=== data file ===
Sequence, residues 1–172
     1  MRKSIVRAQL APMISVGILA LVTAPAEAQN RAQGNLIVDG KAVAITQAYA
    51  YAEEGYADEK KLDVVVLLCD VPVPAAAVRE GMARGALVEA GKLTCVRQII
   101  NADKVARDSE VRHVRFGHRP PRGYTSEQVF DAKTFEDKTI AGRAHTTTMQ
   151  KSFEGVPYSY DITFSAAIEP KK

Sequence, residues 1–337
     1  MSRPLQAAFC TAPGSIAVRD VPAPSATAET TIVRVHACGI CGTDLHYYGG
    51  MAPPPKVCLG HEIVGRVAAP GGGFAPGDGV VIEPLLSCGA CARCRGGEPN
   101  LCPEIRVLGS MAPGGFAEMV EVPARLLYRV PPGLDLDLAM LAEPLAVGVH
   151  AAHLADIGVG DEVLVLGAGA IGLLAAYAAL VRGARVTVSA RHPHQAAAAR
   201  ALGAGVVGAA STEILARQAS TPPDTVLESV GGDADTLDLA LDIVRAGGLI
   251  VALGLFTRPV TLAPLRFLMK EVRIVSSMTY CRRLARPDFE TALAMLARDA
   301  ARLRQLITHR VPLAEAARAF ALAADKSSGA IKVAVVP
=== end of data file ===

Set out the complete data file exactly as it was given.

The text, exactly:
Sequence, residues 1–172
     1  MRKSIVRAQL APMISVGILA LVTAPAEAQN RAQGNLIVDG KAVAITQAYA
    51  YAEEGYADEK KLDVVVLLCD VPVPAAAVRE GMARGALVEA GKLTCVRQII
   101  NADKVARDSE VRHVRFGHRP PRGYTSEQVF DAKTFEDKTI AGRAHTTTMQ
   151  KSFEGVPYSY DITFSAAIEP KK

Sequence, residues 1–337
     1  MSRPLQAAFC TAPGSIAVRD VPAPSATAET TIVRVHACGI CGTDLHYYGG
    51  MAPPPKVCLG HEIVGRVAAP GGGFAPGDGV VIEPLLSCGA CARCRGGEPN
   101  LCPEIRVLGS MAPGGFAEMV EVPARLLYRV PPGLDLDLAM LAEPLAVGVH
   151  AAHLADIGVG DEVLVLGAGA IGLLAAYAAL VRGARVTVSA RHPHQAAAAR
   201  ALGAGVVGAA STEILARQAS TPPDTVLESV GGDADTLDLA LDIVRAGGLI
   251  VALGLFTRPV TLAPLRFLMK EVRIVSSMTY CRRLARPDFE TALAMLARDA
   301  ARLRQLITHR VPLAEAARAF ALAADKSSGA IKVAVVP